As a small business owner, you’ve poured blood, sweat and tears into your company. You’ve spent countless hours strategizing, building, growing, brainstorming, and navigating the ups and downs of entrepreneurship. But when the time comes for you to prepare for the next stage of your life, knowing where to begin can often be the hardest part.

I’ve dedicated my career to helping small business owners navigate their exits because of my father. Originally from Poland, he came to this country with nothing and built a small garment business. Due to unforeseen circumstances, he was forced to liquidate his company. I was young when it happened, but I saw the impact the liquidation had on my entire family, especially my dad. The business he was so passionate about was gone in the blink of an eye, with not much left to show for it. Since then, I have poured my soul into helping more than 100 small business owners and families just like you plan for their exit.

Regardless of what your goal is or what you’re considering for your next phase, the best piece of advice I can give you is to start early and make a plan. A recent survey conducted by PriceWaterhouseCoopers showed that 12 months after selling, three out of four business owners who had previously exited, “profoundly regretted” their decision. This is the cost of poor preparation. Whether you’re anticipating retirement or your next project, these four steps will help prepare you for your exit and ensure your legacy lasts for generations to come.

Evaluate exit options

There are many different exit options ranging from liquidation to an initial public offering (IPO) and everything in between. As is true with all scenarios, there are pros and cons for every avenue. Ask yourself what your goals are, and take these options into consideration:

  1. Selling to your employees is a good option for a certain style of company.. One option is an employee stock ownership (ESOP) .This is when the owner sells the company to his employees. For this to work the company would need very good cash flow. There are excellent tax reasons to do this but a few hoops that you have to jump through. You can sell the company to one or a few employees that you believe will continue the business in a thoughtful and careful manner. This is a good option for business owners that still want to be involved in the business before their next opportunity.
  2. Keeping the business in your family is always a great option for those that have children or relatives that are interested in continuing the family business. There are challenges with this, as most family businesses don’t last more than three generations. In fact, 30% of family businesses make it to the second generation and a mere 13% make it to the third. This can also be an emotional option, putting potential strains on your family.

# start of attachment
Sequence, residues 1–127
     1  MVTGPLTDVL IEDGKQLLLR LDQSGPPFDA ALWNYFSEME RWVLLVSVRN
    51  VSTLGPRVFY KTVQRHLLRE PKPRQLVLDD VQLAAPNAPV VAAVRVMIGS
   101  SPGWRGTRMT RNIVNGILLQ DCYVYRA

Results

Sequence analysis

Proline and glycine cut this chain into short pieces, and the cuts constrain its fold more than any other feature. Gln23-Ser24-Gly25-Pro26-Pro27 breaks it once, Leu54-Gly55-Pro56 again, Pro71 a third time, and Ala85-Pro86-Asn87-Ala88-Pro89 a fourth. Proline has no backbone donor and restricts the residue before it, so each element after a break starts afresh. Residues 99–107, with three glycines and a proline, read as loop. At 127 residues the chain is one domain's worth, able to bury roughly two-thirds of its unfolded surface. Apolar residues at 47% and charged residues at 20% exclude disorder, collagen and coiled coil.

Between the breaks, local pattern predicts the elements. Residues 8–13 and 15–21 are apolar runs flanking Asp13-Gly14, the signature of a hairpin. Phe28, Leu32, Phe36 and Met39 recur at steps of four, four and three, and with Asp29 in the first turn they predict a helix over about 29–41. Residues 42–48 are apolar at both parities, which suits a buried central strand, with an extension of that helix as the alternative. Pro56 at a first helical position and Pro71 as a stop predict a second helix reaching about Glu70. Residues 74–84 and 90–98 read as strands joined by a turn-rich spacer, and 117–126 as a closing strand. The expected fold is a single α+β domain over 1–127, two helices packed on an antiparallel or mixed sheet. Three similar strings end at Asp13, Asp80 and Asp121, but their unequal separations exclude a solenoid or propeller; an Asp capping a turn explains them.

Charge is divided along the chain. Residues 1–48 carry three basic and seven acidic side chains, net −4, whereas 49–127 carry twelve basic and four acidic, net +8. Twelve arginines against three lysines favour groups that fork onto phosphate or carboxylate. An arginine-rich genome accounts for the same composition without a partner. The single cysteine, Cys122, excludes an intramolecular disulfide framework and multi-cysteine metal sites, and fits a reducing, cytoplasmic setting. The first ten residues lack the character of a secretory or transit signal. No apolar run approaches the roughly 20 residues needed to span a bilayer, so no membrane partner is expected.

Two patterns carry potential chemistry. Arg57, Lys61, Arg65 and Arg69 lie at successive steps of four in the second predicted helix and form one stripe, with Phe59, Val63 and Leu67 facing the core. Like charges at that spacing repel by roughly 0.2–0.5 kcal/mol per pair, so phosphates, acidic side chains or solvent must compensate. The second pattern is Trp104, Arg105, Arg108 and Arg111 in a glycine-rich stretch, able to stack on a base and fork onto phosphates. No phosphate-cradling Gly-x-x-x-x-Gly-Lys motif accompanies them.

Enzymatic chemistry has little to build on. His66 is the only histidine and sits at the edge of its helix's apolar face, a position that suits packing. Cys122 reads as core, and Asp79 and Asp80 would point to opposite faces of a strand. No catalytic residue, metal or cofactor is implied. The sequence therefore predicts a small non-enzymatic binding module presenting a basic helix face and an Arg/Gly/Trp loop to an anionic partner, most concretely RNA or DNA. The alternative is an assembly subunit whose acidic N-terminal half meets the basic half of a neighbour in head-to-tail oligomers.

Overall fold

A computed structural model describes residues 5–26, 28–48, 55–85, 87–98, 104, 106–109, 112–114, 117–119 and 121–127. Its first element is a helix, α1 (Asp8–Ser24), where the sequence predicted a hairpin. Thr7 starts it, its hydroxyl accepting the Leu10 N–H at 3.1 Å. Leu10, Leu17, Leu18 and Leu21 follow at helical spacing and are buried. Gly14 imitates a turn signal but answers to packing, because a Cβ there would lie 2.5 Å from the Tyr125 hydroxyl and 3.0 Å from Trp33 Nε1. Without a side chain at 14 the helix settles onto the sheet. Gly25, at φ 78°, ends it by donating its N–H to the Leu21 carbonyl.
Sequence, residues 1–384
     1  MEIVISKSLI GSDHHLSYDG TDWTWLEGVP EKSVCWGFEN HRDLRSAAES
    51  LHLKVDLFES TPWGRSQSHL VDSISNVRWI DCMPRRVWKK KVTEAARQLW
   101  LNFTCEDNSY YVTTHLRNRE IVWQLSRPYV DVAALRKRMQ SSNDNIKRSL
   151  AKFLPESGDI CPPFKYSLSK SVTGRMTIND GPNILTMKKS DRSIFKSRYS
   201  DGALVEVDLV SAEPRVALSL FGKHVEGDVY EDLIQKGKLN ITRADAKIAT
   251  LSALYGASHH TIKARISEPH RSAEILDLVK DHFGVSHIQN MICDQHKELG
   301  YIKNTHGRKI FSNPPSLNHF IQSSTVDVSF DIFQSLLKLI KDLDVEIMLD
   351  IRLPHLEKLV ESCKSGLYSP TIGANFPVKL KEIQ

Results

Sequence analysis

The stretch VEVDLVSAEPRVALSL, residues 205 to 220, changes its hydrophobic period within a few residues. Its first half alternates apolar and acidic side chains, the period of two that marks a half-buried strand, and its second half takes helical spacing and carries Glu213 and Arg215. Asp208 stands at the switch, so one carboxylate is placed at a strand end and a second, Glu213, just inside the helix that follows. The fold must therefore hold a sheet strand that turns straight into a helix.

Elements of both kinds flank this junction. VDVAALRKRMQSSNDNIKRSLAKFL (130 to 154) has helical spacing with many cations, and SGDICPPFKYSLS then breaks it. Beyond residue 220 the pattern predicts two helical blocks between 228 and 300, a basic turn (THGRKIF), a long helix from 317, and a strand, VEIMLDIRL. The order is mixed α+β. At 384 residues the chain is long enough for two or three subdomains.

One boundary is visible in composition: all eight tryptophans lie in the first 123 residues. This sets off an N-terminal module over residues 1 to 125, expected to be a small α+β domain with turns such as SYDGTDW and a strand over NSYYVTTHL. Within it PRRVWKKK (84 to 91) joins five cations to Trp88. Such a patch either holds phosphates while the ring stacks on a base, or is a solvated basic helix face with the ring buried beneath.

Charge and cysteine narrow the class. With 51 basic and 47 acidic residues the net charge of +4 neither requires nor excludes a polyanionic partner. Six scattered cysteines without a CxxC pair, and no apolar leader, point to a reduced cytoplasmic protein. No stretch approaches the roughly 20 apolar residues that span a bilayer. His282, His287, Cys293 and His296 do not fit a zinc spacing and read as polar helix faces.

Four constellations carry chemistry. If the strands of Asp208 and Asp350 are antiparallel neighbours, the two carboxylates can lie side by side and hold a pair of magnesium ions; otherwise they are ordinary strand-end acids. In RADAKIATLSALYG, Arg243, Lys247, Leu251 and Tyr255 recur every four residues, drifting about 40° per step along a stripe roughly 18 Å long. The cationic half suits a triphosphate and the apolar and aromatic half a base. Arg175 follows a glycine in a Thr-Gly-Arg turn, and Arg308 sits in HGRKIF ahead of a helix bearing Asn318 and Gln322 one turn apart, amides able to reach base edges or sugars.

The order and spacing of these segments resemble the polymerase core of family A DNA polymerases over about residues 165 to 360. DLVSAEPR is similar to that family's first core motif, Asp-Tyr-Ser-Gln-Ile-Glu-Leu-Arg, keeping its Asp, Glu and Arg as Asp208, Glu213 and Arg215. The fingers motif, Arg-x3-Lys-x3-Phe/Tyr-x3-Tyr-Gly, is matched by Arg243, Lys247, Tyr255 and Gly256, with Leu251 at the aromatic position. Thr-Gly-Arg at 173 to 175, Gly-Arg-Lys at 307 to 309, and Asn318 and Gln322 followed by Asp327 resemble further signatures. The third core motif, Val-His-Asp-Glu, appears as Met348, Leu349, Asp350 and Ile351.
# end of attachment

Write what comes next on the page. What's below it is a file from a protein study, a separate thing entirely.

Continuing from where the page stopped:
3. A merger or acquisition means you can sell your business or have it acquired by a competitor or similar company. This option will enable you to negotiate the price of the sale, but a lot of different factors affect a successful merger. The acquiring company will want to ensure that everything from company culture, employees, offerings, processes, technology and clients align with theirs, making this a time consuming and potentially costly process.
  4. Going public with an IPO can earn you a substantial profit, but the process is also extremely difficult, time consuming and expensive. While 2020 was the biggest IPO year yet, with a total of 480 IPOs, keep in mind that it can often take some time before the company becomes profitable. More than 60% of 7,000+ IPOs from 1975 to 2011 had negative returns after five years in the secondary market.
  5. Liquidation may be the best option for you if you are ready to close your business forever. This is an extremely fast and simple process, however it becomes harder to preserve a legacy since this is one of the least profitable options. While liquidation isn’t right for everyone, it can certainly be a good option for anyone who is ready for an easy way to cut ties with the business they built or inherited.